Monday, December 22, 2014

Should divorced parents respond to criticism?


Receiving a “bad review” from an ex or an observer to their divorce is not a unique experience for most divorced parents.    At some point, deserved or not, divorced parents are likely to be upbraided or censored in an email or text or social post somewhere.  But should parents respond to their critics?

In almost all instances, I would counsel no, no, no...decisively no.   Divorced parents should remain resolutely above tit-for-tat displays of vituperation.  The risk of responding is to reveal oneself to be exactly what the critic observed.  Sam Rayburn, the famed Texas congressman, remarked “No one has a finer command of language than the person who keeps his mouth shut.”  And Sally Berger reminds those who have trouble following his sage advice:  “You never saw a fish on a wall with its mouth shut.”

When responding to criticism, parents are invariably angry and defensive.   And while the resulting exchange can make good theater for observers on social media or desirable fodder for divorce lawyers’ testimony questions, it rarely puts the writer in a good light.  Indeed, the angry retort likely reinforces what the critic observed: the writer as small minded, petty, more concerned about ego than substance.  Further, the angry retort keeps the issue alive and gives the critic yet another opportunity to overwork the finer points of their argument. Better to remain silent and let it die indignantly.

A strong incentive to restraint is that parents, when reacting to criticism, rarely get the tone right. It’s like road-rage; angry retorts are often wrecks in the making.  As rewarding as it is to write and send a rejoinder seemingly filled with astute observations about the critic’s flaws and delusional reasoning, upon rereading, such missives often seem more self-righteous and self-congratulatory than insightful.  They make the writer look, frankly, stupid.

Compelled to respond but understanding the risk of sounding shrill and whiny, some parents attempt humor to puncture the critic’s puffed up charges.  But being truly and disarmingly funny is very difficult when feeling unfairly maligned.  Instead of witty, the angry parent is more likely to sound childish (“get a life”) or unpersuasively sarcastic (“I have given considerable thought to your well-reasoned and extensive remarks about my parenting and concluded, however reluctantly, that you are full of s….”).   When asked to review and comment on such communication threads, I am reminded of Pogo’s observation: “Yep son, we have met the enemy, and he is us.”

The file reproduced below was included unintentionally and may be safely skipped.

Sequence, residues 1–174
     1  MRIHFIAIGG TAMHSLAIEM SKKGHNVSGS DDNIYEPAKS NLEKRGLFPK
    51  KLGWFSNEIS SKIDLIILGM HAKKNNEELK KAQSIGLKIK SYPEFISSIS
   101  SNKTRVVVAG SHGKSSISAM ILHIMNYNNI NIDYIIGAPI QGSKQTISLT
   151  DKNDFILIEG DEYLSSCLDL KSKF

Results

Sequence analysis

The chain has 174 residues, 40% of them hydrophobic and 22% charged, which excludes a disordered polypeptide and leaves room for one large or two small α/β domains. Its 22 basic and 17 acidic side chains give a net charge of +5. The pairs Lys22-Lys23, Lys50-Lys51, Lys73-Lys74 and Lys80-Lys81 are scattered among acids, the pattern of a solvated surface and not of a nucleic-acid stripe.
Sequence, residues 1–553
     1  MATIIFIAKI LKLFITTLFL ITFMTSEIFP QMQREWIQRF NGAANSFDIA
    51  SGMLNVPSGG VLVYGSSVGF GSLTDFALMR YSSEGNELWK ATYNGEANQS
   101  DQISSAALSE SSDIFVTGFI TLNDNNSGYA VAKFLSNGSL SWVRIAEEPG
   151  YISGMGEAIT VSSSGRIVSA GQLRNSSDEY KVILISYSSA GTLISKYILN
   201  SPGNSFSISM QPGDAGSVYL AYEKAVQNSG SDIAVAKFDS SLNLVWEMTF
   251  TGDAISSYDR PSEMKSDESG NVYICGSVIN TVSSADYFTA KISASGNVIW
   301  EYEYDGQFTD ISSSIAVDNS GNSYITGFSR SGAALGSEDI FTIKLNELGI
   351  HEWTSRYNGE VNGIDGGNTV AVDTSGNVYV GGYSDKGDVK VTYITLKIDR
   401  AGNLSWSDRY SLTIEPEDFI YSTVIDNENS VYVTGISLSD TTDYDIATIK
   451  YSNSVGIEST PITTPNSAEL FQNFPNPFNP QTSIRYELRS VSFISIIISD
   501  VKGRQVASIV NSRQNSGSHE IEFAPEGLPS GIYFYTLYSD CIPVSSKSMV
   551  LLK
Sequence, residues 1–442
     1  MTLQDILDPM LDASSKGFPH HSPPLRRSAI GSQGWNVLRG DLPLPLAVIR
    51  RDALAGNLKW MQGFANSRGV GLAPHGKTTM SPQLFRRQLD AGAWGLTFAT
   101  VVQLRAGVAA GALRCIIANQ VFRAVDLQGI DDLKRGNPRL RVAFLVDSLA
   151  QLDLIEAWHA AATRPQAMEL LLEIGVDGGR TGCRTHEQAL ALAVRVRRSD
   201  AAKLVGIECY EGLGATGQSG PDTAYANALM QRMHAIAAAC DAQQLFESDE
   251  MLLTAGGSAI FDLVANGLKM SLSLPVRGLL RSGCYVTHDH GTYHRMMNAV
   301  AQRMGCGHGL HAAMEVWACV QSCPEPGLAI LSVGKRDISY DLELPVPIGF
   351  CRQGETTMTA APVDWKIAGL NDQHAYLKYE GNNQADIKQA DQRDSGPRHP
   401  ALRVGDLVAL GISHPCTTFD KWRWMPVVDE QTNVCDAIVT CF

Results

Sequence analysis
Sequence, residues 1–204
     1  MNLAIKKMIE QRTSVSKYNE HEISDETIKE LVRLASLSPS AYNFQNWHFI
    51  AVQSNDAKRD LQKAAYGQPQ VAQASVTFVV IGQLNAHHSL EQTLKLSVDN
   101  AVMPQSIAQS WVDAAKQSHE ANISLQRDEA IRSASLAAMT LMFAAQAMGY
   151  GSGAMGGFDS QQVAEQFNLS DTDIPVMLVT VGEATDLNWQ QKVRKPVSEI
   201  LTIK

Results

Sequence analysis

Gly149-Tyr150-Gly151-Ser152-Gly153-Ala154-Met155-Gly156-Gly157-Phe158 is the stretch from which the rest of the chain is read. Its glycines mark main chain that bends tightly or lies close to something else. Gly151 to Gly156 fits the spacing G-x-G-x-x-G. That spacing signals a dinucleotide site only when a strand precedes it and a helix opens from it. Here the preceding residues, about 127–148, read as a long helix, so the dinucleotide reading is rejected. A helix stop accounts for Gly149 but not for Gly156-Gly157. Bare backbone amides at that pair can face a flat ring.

Parents should also remember that having third parties respond to unfair accusations, including their lawyers, does not necessarily solve the problem. They, too, are human and likely identify with the recipient’s outrage.  Unrestrained by social considerations (“I have to get along with this person through school graduations, marriages, grandchildren, whatever”), they may come across as even more vindictive and self-righteous than the parent.  If you need a reminder about what happens when people do not feel compelled to observe standard courtesies, take a look at readers’ comments following important news articles.  It will make you wonder if schools are teaching anything at all about critical thinking.

At some point, of course, we all lose it.  Tired of the attacks, having concluded that patience is for wimps, we rant and rave, giving our critics more reason to laugh and point out our sensitivities and failings.  But all is not lost.  Parenting is a lifetime endeavor. There will be many opportunities to redeem oneself and recover a measure of dignity by responding, to the next critic or the next criticism, with silence.

It’s so simple to be wise. Just think of something stupid to say and then don’t say it.
                                                                                                                                                Sam Levenson
 
       











Tuesday, December 9, 2014

Civility

One of the hallmarks of divorce conflict is insufficient civility.  Everyday, angry ex’ send contentious, nasty emails and texts that they later regret or that come back to haunt them.  Even worse, divorcing spouses post diatribes on social media platforms for their ex and everyone to see.  The intent is clearly mean spirited: to cause hurt and embarrassment.  But who is really hurt?  The target of the diatribe?  Or the writer, now perceived as vindictive and immature? And if spouses are trying to negotiate a divorce through an online service, such as Negotiated Divorce, how do such communications help them reach their goal?

Some learn not to send or post such angry commentary in the heat of the moment; better to delete it and try again or sleep on it before hitting the send button.  In fact, the next day you might have calmed down enough that the email you didn’t send will embarrass you for having written it. 

But many people haven’t learned this rule of thumb or, if they know it, are too angry in the moment to follow it.  Their reflective system is overwhelmed by the impulse to lash out.

Here are some tips to help you self-monitor  your communications:

Internet and text communications being what they are, consider anything you send as public information.

·         It’s probably never a good idea to fire off an angry email in the middle of the night when you are tired and cranky. Sending it may help you sleep with a feeling of satisfaction,  but the results could lead to many sleepless nights thereafter.

·         Is it ever a good idea to draft and send an email written under the influence of alcohol or drugs? Of course not.  In such a condition,  one’s reflective state is impaired.

·         Use civil language and keep emails brief.  The more you write, the more likely it is that you will add something snippety and unnecessary.  With some editing, you can usually say what is important in 75 words or less.

·         Ask yourself:  “How would I feel if I was asked to read this out loud in a public setting:  Confident?  Embarrassed?”